I never know what interesting food and wine combinations I’m going to come across but one of the more unlikely pairings, to me anyway, was 10 yr old tawny port and fresh orange slices.  They was presented as dessert at lunch while we were visiting Quinta da Gaviosa in the Douro Valley. I was in the Douro with Discover the Origin to well, discover the wines of the Douro (ok, I guess I was discovering the origins, didn’t want to be too obvious there – #fail). Anyway, we had wound our way through the rather steep hills of the Douro to visit the father/son wine making team of Domingo and Tiago Alves de Sousa of Quinta da Gaivosa. Unfortunately, as so often happens on press trips, we were running late and so Domingo had to rush off to Porto for a wine maker’s dinner. Tiago however, was able to stay and give us a grand tour of their vineyards and explain a bit about the land. Quinta da Gaivosa’s vines are perched high on the steep  hillsides and many of the vines are over 80 years old. It’s this longevity that gives their wines such concentration. I shot a short video of Tiago explaining the soil and climate of the region. Some of you may have seen it already as I inadvertently posted it as a stand alone video here last week: Many of the vines at Quinta da Gaivosa are as I mentioned over 80 years old and there is one vineyard in particular that Tiago is not even sure how old it is,  he thinks it’s over 100 years old but no one is sure as it was an abandonded vineyard. Tiago discovered it one day and decided to see what the vines would supply. We took a drive up to the top of the hill where the abandoned vines were and he has left it much as he found it. There are big gaps between the gnarled, stubby vine trunks and...

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Scary fish and Churchill’s port & wines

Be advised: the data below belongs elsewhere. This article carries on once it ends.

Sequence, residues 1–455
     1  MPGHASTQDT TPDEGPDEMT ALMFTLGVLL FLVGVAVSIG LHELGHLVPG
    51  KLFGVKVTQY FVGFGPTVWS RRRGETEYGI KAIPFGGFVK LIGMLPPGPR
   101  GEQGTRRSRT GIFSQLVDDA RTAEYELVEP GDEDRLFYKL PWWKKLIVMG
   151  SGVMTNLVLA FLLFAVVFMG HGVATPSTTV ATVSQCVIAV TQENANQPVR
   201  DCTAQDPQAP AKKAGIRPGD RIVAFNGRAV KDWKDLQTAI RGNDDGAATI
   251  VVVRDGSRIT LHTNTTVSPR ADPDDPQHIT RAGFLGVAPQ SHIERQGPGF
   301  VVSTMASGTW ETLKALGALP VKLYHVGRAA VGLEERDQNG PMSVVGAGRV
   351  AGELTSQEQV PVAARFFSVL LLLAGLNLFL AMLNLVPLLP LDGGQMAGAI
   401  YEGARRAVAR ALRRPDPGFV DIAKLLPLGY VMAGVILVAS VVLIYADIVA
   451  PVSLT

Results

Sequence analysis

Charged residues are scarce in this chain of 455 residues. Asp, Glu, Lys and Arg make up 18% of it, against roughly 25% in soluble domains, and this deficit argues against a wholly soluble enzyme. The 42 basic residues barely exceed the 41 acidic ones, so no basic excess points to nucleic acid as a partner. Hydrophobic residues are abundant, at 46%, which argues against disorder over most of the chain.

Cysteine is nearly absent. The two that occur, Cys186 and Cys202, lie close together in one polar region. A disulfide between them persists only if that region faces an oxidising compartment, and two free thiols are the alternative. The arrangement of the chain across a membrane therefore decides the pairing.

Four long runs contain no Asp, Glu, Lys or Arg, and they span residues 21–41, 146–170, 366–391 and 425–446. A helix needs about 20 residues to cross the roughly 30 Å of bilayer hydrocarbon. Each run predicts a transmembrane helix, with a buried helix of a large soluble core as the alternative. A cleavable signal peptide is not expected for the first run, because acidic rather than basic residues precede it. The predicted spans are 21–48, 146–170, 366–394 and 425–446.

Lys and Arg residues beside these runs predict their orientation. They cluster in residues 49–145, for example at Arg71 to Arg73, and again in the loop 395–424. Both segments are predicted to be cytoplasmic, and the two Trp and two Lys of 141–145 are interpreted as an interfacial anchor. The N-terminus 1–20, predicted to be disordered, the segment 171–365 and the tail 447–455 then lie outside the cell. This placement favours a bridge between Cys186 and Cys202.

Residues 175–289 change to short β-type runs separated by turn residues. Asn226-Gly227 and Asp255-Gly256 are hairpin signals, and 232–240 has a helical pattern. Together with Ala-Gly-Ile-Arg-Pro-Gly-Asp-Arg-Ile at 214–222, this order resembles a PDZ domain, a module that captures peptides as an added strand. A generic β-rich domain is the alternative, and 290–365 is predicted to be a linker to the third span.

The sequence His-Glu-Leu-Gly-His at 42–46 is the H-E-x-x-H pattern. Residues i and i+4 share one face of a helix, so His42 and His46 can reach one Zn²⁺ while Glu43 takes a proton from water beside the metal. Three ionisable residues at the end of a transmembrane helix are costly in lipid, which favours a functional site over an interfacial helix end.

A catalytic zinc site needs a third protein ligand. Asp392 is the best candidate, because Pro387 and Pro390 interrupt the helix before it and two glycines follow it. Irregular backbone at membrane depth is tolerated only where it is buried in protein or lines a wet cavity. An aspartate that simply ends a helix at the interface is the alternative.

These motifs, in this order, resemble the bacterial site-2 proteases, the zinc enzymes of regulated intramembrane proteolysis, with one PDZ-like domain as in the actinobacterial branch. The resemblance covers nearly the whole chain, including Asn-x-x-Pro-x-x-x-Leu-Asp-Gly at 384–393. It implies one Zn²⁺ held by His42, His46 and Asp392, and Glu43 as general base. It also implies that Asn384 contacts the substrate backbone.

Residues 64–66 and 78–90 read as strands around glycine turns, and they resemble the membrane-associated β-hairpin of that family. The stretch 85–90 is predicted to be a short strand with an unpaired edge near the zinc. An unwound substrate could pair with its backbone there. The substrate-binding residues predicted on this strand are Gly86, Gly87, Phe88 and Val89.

Apr 11, 12 Scary fish and Churchill’s port & wines

Posted by in Food and Wine, Portugal, Travel

EEEEKKKKKK! That is one scary looking fish. I bet you’re wondering what exactly it has to do with wine. Well, that is what greeted me after my tour of the cellars of Churchill’s Port’s new visitor centre and lodge in Gaia, Portugal. It’s not some mutant fished out of a polluted river in South East Asia, it was actually our dinner. And a very tasty dinner it was. The salmon (yes, that’s what it is) had been smoked for hours in a old port wine barrel before being plated up and left to scare me upon emerging from the cellars. Despite it’s appearance, it was delicious, having an intensely salmon flavour without the oiliness that so often accompanies smoked salmon. The flesh was flaky and dry but not dried out – served with a mustard dill sauce, it was divine and paired with Churchill’s table rosè wine, a perfect way to end a Friday. Churchill’s Port was my last stop on a 4 day trip to the Douro Valley and Porto, Portugal with Discover the Origin. DTO’s mission is to introduce us to the lesser known but still amazing food and wine regions of Europe, the Douro Valley and port wine being one of the areas on their list. The very charming Johnny Graham, founder of Churchill’s, was our host and happily led us through a tasting of not only Churchill’s port wines but also the line of table wines that they are now producing. Churchill’s is a young port house, founded only 30 years ago after Graham’s was bought out by a big conglomeration. Johnny found that he couldn’t use his surname but he could use his wife’s to found his own port wine house. The new visitor centre and tasting room we were visiting is situated overlooking the Douro River in Gaia and is where Churchill’s currently ages their ports. Speaking to Johnny though, he told us that they are currently in the process of building a new winery in the Douro...

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Barrel samples from Quinta Vale d. Maria, Douro Valley, Portugal

[vodpod id=Groupvideo.11234651&w=450&h=325&fv=%26rel%3D0%26border%3D0%26] 1st collector for Barrel samples from Quinta Vale d. Maria, Douro…Follow my videos on vodpod Share this:TwitterFacebookLinkedInPocketRedditGoogleTumblrEmailPrintPinterestLike this:Like...